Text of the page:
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Dave Walsh

Dave Walsh

Dave Walsh has been covering MMA and Kickboxing since 2007 before changing his focus solely to Kickboxing in 2009, launching what was the only English-language site dedicated to giving Kickboxing similar coverage to what MMA receives. He was the co-founder of HeadKickLegend and now LiverKick. He resides in Albuquerque, New Mexico where he works as a writer of all trades.

His second novel, Terminus Cycle, is available now via Kindle and Paperback.

Dave (a) LiverKick dot com | @dvewlsh

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What Could Have Been - The Cautionary Tale of Alexey Ignashov

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Fame, like many things in life, has its pros and cons. It can be a blessing and a curse; bringing opportunities into ones life that they otherwise would never have had. It's up to that individual to dictate where a lifestyle of fortune takes them. Often times, that task is too heavy for one to bear and tragedy soon follows. No one knows that better than Alexey Ignashov.

Alexey was born in Minsk, Belarus on January 18th, 1978. He developed a passion for combat sports early in life. Muay Thai is where the Belarusian would get his start. Training at Chinuk Gym, The Red Scorpion, as his fans call him, would go on to win two Muay Thai titles in less than a year, defeating future K-1 legend Remy Bonjasky, in the process. It was clear that Ignashov had the talent to compete at an even higher level as he soon moved to K-1 to try his hand at fighting the worlds best kickboxers.

Picking right up where he left off, Alexey was the victor in his first three fights in K-1 and in the process, won the K-1 Belarus 2000 Grand Prix which qualified him for the World Grand Prix in Yokohama. Alexey would lose to Matt Skelton in the quarterfinals but it was apparent that a star was quickly rising on the global kickboxing scene.

Between 2000 - 2004, Alexey would go on to defeat such K-1 luminaries as Peter Aerts, Badr Hari, Semmy Schilt, Mike Bernardo, and Paul Slowinski, among others. Quite an accomplishment for the young Ignashov. With this amount of success comes great acclaim and all that goes with it. Alexey took full advantage.

Partying and alcohol abuse replaced time in the gym for Ignashov, triggering a downward spiral in his career. Alexey would lose four straight fights in 2005, failing to qualify for the prestigious K-1 World Grand Prix in the process. His lack of dedication was apparent. Ignashov was now the victim of fighters that were climbing the ladder of the K-1 world. A stark contrast to where he was just two years earlier.

Though he made it to the semifinals in the K-1 Amsterdam 2006 Grand Prix, Alexey would go on to lose to Turkish superstar, Gokhan Saki. A blow to the psyche of the fragile fighter.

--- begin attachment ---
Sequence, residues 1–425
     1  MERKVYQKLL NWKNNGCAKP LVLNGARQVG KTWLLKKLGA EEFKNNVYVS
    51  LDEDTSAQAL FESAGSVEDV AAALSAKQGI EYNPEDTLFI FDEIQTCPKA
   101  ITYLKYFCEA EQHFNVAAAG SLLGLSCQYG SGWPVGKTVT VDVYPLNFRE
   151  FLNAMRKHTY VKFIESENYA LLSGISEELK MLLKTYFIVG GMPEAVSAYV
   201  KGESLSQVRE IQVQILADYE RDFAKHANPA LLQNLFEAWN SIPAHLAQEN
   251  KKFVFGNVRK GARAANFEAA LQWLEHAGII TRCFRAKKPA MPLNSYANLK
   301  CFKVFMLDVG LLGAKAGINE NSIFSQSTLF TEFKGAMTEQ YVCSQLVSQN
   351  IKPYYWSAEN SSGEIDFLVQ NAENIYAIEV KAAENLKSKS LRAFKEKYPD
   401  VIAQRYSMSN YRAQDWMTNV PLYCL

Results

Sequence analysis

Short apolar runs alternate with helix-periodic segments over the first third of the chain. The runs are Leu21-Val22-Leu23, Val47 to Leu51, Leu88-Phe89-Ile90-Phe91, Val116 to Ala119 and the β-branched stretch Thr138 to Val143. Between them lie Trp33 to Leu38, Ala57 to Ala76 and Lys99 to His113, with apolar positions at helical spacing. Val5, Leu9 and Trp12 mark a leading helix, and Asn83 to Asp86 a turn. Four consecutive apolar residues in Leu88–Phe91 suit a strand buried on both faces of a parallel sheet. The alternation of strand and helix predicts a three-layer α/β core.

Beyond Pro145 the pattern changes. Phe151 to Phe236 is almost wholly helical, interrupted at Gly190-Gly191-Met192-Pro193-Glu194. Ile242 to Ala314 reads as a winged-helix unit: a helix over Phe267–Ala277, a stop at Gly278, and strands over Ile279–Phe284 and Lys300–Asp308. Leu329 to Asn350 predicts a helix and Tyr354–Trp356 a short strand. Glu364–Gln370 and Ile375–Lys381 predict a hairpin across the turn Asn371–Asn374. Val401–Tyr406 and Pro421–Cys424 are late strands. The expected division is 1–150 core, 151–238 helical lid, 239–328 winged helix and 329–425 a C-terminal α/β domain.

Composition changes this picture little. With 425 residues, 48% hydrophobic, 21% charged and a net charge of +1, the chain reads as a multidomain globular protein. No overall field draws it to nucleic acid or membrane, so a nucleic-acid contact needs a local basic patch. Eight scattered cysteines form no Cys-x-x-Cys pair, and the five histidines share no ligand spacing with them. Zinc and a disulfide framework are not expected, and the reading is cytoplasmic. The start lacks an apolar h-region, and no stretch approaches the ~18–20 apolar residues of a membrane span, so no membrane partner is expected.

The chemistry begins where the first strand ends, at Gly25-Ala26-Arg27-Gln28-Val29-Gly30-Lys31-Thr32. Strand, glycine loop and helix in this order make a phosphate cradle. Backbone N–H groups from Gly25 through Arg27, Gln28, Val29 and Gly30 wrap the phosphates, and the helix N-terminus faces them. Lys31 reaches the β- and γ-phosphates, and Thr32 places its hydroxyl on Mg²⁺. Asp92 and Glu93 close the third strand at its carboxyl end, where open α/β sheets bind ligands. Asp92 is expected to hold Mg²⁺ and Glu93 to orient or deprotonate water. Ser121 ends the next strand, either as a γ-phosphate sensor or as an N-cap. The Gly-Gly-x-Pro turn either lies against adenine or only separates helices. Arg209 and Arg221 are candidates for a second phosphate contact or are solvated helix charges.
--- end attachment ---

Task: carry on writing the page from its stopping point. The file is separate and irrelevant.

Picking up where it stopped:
Ignashov would toil in smaller promotions for the next three years. During this time, Alexey transplanted himself to Auckland, New Zealand to train at Balmoral Lee Gar Gym under Lollo Heimuli. It was then that he would become sober and work on returning himself to the prominence he once enjoyed - even though it must have seemed like so long ago that he was there.

After preparing himself to the point where he felt ready to enter the K-1 ring once again, Alexey approached K-1 president, Sadaharu Tanikawa to give him his shot. Tanikawa was hesitant but granted him the chance at one more go around.

Not drawing the easiest of fighters, Ignashov was given a fight with K-1 superstar Badr Hari on April 3rd, 2010 at the K-1 Yokohama Grand Prix. You could tell that Alexey had been out of the spotlight for many years as he looked sluggish and unambitious while Badr Hari took the unanimous decision win.

Some thought that we had seen the last of The Red Scorpion but he found himself in the K-1 Bucharest Grand Prix a month later. Scoring a knockout win over Mindaugas Sakalauskas and a decision win over Freddy Kemayo, it looked like Ignashov was going to finally return to the dominant fighter of old. But it was not to be - Alexey was injured during his fight with Kemayo and could not continue. Another setback.

It's hard to know if Alexey will ever return to being the superstar fighter of his youth. At 32, he is certainly young enough to continue fighting for years to come but it's more than age that determines your success as a fighter - it's winning the mental game. It looks as though Alexey has won the battle over alcohol and the vices of this world. Now, he must win the battle over self-doubt and be willing to stand at the bottom of the mountain and work his way back to the top.

The 2011 K-1 Season: Middleweights (MAX)

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Can Anyone Stop Petrosyan?The past two years in K-1 MAX have been transformation years for the K-1 MAX division. In 2009 an Italian fighter by the name of Giorgio Petrosyan looked poised to take the whole tournament, Japanese ace Masato decided not to participate in the World MAX tournament and instead announced he would retire by the end of the year. Yuya Yamamoto seemed poised and energized to take that "Masato spot" in K-1 MAX until Giorgio Petrosyan beat the ambition out of him. Andy Souwer and Buakaw Por. Pramuk met again in the semi-finals, with Souwer moving on to the finals where Petrosyan took him to task and handily took his first title.